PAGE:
Tuesday, July 10, 2012


Developed by Kaos Studios
Published by THQ

            Homefront looked promising the first time I saw a trailer for it.  A game about a resistance force fighting an enemy on US soil.  Maybe not original (I can immediately think of Freedom Force), but I was excited.  And then I played it.  It’s hard to tell exactly when the excitement completely faded and I realized just what I was playing.
            The story takes place in the near future where, after Kim Jong-Il’s death, Kim Jong-un’s actions led to the reunification of North and South Korea, the takeover of Japan, and an invasion of a weakened America.  This is all explained in an opening cinematic over various newscasts, and expanded on through newspapers scattered throughout the game, which is actually a great use of a collectible to give the player more backstory.  The game itself stars the mute Robert Jacobs, a former pilot who’s being captured by the Koreans before he’s rescued by the resistance.
            The game actually has quite a few hard-hitting moral questions throughout, like the nature of war and the violence and terrible actions on both sides.  And it handles all of this in the most hilariously incompetent way possible.  It certainly doesn’t help that the campaign is a mere 7 levels long, and can be beaten in about 3 hours.  I’m not complaining about the length, I like short games.  But this is a case where the game scratches at the world it’s created and then shrugs and goes “We don’t have time for this”.  We get hints of the racism that has become prevalent, with Americans killing any Koreans they find, even American-born citizens.  But then the game just moves on.  It never gets back to the point.  Connors (and HOO-BOY will I get to Connors later) seems to have his own horrific tendencies, but he never develops as a character or becomes a villain or anything like that.  And at one point, one of your resistance teammates sees the Koreans bombing an American shantytown, realizes it’s thanks to the resistance’s last operation, and has a “My God what have we done” moment…then somebody tells him to shut up.  And the game just goes on.  Tough moral ambiguity?  Naw, go shoot some guys.
            Of course, the story is also offset by several other problems.  Let’s start with the product placement.  For whatever reason, Hooters and White Castle have significant product placement in the game, and it’s damn hard to take a game seriously when you have Connors yelling at you “There’s enemies in the Hooters!”  There’s also terrible scripting.  While I’m hanging back and poking around for newspapers, my teammates are just moving on.  Continuing on with dialogue that I can’t hear and can barely read in the subtitles, never mind if I had them off.  The scripting also means that you’re constantly waiting for teammates to finish a conversation before they open the door to continue the level, or in one instance, crawl under something and remove the invisible wall.  And there are LOTS of invisible walls.  I haven’t seen this many in a long time.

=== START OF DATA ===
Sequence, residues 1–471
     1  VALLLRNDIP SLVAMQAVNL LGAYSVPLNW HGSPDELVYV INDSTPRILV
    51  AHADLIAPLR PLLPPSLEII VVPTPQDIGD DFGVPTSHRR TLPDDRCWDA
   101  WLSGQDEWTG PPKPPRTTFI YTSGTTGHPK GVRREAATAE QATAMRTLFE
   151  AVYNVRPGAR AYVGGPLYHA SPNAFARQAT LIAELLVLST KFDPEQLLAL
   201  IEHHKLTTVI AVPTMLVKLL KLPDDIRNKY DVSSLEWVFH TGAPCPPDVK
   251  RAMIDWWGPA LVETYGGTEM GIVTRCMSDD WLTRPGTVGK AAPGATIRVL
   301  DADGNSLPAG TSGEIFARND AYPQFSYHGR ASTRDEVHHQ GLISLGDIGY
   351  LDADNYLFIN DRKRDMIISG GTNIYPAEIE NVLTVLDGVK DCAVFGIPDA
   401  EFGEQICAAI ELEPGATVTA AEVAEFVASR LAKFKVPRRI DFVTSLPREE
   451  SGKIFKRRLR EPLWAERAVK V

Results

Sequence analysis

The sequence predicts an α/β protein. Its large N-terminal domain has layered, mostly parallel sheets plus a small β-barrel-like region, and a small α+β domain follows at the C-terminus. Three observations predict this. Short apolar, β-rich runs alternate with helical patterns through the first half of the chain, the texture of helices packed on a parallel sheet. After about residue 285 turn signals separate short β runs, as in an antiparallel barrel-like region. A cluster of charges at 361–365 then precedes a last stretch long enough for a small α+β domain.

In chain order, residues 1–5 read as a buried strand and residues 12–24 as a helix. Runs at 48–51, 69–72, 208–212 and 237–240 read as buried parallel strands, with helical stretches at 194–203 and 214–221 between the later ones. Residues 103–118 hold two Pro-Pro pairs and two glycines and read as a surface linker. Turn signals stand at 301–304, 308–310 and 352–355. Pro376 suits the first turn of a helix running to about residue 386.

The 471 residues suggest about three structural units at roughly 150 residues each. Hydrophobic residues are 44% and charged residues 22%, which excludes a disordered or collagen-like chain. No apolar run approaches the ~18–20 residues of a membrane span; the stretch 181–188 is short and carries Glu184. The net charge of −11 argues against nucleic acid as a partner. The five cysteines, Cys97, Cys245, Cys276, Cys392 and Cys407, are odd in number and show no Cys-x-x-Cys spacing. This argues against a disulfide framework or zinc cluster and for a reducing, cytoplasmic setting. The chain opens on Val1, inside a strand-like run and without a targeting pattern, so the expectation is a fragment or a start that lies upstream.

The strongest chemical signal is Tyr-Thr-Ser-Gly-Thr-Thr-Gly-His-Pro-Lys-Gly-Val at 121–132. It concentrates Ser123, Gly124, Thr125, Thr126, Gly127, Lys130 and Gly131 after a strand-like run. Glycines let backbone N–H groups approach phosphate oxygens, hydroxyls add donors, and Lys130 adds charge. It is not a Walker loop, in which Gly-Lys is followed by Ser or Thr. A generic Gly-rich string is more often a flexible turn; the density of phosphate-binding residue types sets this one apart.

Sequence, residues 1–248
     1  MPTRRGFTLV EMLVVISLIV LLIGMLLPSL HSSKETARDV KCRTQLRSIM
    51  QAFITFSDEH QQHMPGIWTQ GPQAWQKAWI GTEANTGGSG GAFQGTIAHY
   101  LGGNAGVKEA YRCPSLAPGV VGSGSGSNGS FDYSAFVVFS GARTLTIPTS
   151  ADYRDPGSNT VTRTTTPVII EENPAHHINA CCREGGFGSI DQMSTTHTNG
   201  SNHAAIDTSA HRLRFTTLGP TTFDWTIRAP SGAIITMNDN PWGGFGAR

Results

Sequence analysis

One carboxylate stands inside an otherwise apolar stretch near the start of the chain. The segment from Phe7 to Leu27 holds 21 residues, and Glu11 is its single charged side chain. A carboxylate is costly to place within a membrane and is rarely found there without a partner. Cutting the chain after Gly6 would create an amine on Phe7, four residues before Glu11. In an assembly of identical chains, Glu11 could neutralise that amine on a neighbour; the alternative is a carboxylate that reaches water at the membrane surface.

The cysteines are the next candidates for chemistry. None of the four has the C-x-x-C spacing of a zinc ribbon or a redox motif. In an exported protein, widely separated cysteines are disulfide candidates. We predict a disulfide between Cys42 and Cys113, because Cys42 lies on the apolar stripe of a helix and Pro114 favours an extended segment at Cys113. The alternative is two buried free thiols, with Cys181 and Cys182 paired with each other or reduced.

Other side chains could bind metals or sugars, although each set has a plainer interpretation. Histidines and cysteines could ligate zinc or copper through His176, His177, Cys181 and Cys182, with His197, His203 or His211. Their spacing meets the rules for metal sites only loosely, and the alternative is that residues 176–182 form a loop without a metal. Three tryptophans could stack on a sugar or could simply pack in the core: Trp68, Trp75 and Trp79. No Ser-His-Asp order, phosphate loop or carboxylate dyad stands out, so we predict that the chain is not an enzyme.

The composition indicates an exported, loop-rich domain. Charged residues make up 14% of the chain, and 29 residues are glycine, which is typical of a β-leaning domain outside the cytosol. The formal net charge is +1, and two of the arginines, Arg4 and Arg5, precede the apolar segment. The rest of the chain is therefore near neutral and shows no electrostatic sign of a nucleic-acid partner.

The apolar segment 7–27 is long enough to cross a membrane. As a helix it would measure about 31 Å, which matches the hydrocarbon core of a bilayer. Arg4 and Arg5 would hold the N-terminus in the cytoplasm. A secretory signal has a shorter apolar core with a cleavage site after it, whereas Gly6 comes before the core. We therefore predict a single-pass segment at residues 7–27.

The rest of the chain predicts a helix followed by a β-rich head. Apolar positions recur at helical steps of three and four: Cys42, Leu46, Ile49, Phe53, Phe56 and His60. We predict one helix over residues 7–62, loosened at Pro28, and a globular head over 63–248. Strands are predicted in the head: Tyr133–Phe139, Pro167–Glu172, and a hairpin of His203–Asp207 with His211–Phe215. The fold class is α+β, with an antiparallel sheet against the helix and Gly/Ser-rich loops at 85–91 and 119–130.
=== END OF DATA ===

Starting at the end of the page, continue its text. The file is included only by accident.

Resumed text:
The gameplay itself is…unremarkable.  I mean, I just got done playing Modern Warfare 3, and say what you will about Call of Duty, but I think it’s perfected what it does.  And you can tell that kind of thing when you play a game doing exactly what CoD does but not as good.  There’s regenerating health.  There’s a bunch of generic machine guns with different scopes as weapons.  I’ve seen it all, and I’ve seen it better.  The levels aren’t exciting.  There’s some nice moments.  One level that involves flying a helicopter around almost approaches genuinely good.  The AI clearly becomes scripted.  I’d die, go back, and watch the AI do the same exact thing it just did.  The regenerating health also feels…off.  I don’t know how to explain it.  It regenerates too fast when you’re hiding, but at the same time, if you’re out in the open and getting shot, you die almost instantly.  I guess you’re just expected to hide back in cover.  Or, as Connors would say, “GET YOUR ASS TO COVER!”
            Oh yes, I’m going to bring up Connors, and I’m going to talk about one of my least favorite things in games.  It seems to be constantly plaguing games I would at least somewhat enjoy otherwise, and it is what I will call “MOVE YOUR ASS!” syndrome.  It’s the feeling of the game that, if you don’t have somebody in your squad, preferably whichever person would be annoying on his own circumstances, constantly telling you to move and get to cover and shoot that guy and do this, you’re not going to do it.  And it REALLY gets on my nerves.  I just get tired of being constantly told to move my ass.  And the game does it no matter where I am.  I’m practically hugging Connor and he’s telling me to move my ass.  I’m a mile in front of him and he tells me to move my ass.  A scripted event happens, time to move my ass.  Games need to let my ass do whatever it wants to do.  I’ll go ahead and let this tangent go further off-topic by relating a story.  In Half-Life 2: Episode I, Alyx was originally going to keep telling the player to keep moving forward.  Valve, in their playtesting, realized everybody was hating Alyx, and quickly made her shut up.  So what if the player ends up screwing around with the gravity gun.  Let the player do what they want to do, and when they’re ready to move on, the game moves on with them.
            At the end of Homefront, the game just kinda…ends.  The final level’s a pretty cool location and all, but it just feels like you finished the second act, you’re pumped up for the third, and the credits start rolling.  Kaos Studios shut down shortly afterwards, and now it looks like THQ is heading for the same place.  Any hopes for a sequel that can actually take the game’s good ideas and make something great out of them are quickly diminishing.  There’s just so much better out there.

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